- Factory orders in November were flat according to the U.S. Commerce Department.
- The Institute for Supply Management's Non-Manufacturing (i.e., services) Index rose to 56.1 in December vs. 54.7 in November. Most of the study's detail numbers were good with new orders and employment both up.
Foodservice News This Week:
- Foodservice employment is a bright spot in a rather bleak job picture. In December the foodservice industry added 38,000 jobs on a seasonally adjusted basis according to the Bureau of Labor Statistics. In other words, foodservice accounted for over 22 percent of the new jobs out of the 168,000 private sector positions the U.S. gained in December. Total foodservice employment in December reached 10,036,100 according to the Bureau's report.
- A closer look at the 2013 forecasts of the National Restaurant Association and Technomic, Inc. shows some interesting figures. The two forecasts break down the industry segments differently so some rearrangement is necessary for head on comparisons but there appears to be a lot of agreement between both organizations. Both forecasts see limited service growing faster than full-serve restaurants. Both have recreation down but see hotel feeding growing nicely. Both predict K-12 sales will be up while Technomic has much stronger growth in College/University feeding than the NRA predicts. Both see employee feeding up this year although the NRA believes that self-operated employee feeders will be flat. Also, by doing a little addition, we calculate that the NRA has 2012 limited-service restaurant sales at $207 billion while Technomic has limited service restaurant sales at $204.7 billion, which is pretty close. Of course, Technomic does not include beverage alcohol, so their sales estimate is far apart from the NRA's sales of full service restaurants. Finally, Technomic, who put its forecast together last fall, frequently revises their projections in January. If they do, it will be interesting to see how close their numbers are to the NRA's.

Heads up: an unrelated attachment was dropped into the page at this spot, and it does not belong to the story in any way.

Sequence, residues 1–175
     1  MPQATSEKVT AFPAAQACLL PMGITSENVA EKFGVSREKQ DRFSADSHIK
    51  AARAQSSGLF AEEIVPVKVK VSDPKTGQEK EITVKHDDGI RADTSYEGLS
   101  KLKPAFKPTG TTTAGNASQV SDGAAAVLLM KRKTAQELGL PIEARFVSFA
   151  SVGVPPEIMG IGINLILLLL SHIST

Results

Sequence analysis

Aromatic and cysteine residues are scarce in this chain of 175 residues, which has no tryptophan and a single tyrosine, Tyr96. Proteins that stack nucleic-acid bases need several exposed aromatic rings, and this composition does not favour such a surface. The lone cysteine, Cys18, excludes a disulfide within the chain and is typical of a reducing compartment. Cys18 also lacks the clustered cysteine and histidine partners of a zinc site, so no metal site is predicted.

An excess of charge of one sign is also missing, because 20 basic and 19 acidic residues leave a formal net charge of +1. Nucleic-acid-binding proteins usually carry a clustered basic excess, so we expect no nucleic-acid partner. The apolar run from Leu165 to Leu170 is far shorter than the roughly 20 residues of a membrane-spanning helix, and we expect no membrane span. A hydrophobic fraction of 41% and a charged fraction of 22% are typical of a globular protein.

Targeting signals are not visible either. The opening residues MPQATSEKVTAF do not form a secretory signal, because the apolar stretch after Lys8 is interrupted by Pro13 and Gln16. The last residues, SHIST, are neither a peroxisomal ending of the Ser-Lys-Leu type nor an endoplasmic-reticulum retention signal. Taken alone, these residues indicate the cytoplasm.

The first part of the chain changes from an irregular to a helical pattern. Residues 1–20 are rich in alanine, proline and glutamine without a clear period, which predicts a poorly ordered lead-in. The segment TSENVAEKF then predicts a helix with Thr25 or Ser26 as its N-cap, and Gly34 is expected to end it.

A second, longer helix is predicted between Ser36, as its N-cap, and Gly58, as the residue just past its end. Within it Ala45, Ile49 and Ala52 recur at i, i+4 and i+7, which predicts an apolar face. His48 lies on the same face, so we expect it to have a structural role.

- The foodservice operation appearing most on employee expense accounts is Starbucks according to Certify, an employee travel and expense report management company. Number two is McDonald's followed by Subway, Panera Bread, and Burger King.
- Customer evaluations of fast-casual restaurants vs. limited-service restaurants showed some surprising results, according to a new Technomic study. Customers preferred fast casual in every area except beverages which were tied. The biggest differences were found in cleanliness (+6 percent) and atmosphere (+6 percent). Consumers even thought fast-casual restaurants offered better value though the difference was just 2 percent. Customers also thought fast-casual restaurants were superior in take out compared to limited-service restaurants although by just 1 percent. Somewhat surprisingly, fast casual's leads in food and in service was just 3 percent.
- Growth chains: Bruegger's Bagels will add 100 units by 2015. For additional information, check out this week's Chain Operating Report.
- Comparable sales reports: Good Times Burgers (up 3.8 percent) and Sonic Drive Ins (system up 3 percent, company owned up 4.2 percent, and franchised up 2.9 percent.)
For details and comparable store sales of other chains, please click here for the Green Sheet.